An Oklahoma county judge has dismissed a lawsuit filed by the ACLU on behalf of a Baptist minister charging that the 6-foot tall granite Ten Commandments monument that was placed on grounds of the state capital violated the state’s constitution. The judge blocked the lawsuit from even going to trial. The ruling will be appealed to the state supreme court and there is another lawsuit pending in a federal court that is scheduled for trial on March 10, 2015.
Interestingly the judge said that, “the monument serves a secular — not religious — purpose and occupies a small plot on the north side of the state Capitol that’s part of a 100-acre complex which has 51 other monuments.”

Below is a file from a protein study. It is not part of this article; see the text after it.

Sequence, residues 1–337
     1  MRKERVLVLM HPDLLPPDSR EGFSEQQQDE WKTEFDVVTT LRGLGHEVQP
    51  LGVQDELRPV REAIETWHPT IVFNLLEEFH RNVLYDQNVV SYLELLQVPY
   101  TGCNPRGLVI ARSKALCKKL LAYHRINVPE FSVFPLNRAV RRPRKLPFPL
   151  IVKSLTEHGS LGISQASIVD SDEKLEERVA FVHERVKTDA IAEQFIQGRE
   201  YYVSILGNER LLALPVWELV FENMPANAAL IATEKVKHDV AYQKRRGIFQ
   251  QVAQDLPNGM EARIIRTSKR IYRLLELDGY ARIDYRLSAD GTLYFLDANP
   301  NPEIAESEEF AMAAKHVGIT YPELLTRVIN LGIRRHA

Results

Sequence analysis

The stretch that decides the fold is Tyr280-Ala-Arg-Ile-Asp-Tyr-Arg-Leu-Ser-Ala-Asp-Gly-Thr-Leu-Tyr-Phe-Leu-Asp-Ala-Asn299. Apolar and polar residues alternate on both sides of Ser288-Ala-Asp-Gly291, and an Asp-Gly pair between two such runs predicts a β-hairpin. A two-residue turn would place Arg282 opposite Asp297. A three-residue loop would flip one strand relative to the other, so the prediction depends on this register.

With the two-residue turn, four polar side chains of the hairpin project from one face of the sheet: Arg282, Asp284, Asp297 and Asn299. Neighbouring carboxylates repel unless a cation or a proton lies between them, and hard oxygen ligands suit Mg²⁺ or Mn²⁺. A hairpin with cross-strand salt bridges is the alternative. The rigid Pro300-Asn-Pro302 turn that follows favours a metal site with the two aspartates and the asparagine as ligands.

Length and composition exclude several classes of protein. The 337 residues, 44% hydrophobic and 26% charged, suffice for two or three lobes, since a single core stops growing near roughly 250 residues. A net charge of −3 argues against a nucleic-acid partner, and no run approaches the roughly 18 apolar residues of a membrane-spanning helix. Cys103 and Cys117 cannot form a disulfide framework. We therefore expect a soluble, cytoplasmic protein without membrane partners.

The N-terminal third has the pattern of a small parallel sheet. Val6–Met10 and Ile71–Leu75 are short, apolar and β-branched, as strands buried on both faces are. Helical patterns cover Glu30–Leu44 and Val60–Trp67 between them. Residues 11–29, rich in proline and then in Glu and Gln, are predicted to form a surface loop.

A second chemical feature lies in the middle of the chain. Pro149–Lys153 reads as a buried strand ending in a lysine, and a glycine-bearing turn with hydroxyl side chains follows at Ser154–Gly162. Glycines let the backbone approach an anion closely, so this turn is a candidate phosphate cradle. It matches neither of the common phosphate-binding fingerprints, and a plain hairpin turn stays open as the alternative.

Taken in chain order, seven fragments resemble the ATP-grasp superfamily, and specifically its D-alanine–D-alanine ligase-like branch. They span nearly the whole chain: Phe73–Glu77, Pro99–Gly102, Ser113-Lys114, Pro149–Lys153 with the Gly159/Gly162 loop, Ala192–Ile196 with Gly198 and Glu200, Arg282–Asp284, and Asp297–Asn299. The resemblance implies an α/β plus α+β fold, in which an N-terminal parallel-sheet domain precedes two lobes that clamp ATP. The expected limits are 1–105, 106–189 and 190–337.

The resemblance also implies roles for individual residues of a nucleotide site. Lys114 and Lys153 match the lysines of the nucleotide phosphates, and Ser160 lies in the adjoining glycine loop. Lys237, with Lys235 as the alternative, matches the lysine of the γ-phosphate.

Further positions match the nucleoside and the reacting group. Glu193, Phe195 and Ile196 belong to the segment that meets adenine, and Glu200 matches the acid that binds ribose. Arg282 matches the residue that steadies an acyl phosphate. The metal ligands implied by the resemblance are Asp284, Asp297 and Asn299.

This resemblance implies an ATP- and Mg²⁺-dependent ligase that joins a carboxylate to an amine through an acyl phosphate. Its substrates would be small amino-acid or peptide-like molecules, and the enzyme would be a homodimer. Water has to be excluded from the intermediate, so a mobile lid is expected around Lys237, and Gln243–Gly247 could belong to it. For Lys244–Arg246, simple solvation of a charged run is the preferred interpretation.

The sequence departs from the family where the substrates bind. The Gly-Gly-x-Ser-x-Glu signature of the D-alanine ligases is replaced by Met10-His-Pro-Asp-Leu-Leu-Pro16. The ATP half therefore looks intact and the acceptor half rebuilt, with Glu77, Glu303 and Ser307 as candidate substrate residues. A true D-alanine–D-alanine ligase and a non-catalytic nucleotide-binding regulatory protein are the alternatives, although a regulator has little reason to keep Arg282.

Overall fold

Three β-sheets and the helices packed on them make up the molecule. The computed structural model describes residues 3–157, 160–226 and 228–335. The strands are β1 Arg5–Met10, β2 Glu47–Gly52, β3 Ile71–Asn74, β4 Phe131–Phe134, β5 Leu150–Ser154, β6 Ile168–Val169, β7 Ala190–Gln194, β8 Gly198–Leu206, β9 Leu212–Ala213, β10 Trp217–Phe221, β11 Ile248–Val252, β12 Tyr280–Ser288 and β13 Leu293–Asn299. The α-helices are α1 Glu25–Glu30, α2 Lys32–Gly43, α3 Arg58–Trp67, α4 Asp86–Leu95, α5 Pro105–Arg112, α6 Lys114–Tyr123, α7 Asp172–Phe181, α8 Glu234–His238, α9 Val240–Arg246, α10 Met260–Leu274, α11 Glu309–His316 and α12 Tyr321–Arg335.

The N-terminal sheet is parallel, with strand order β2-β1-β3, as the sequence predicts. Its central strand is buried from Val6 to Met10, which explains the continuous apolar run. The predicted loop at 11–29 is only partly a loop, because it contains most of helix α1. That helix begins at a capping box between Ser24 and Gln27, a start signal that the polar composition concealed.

This reasoning has implications because other religious groups also want to put up their own monuments. A Hindu group has proposed putting up a statue of the monkey god Hanuman and a Satanic group has proposed putting up their own 7-foot statue to Baphomet. The Church of the Flying Spaghetti Monster also wants in.
These monumnets have been blocked by the state, ostensibly on the grounds that they have placed a halt on issuing new permits until the cases are resolved, but likely because there is no way that they will allow monuments to monkey gods, goat-headed gods, and spaghetti-and-meat-ball based gods on their ‘sacred’ capital grounds.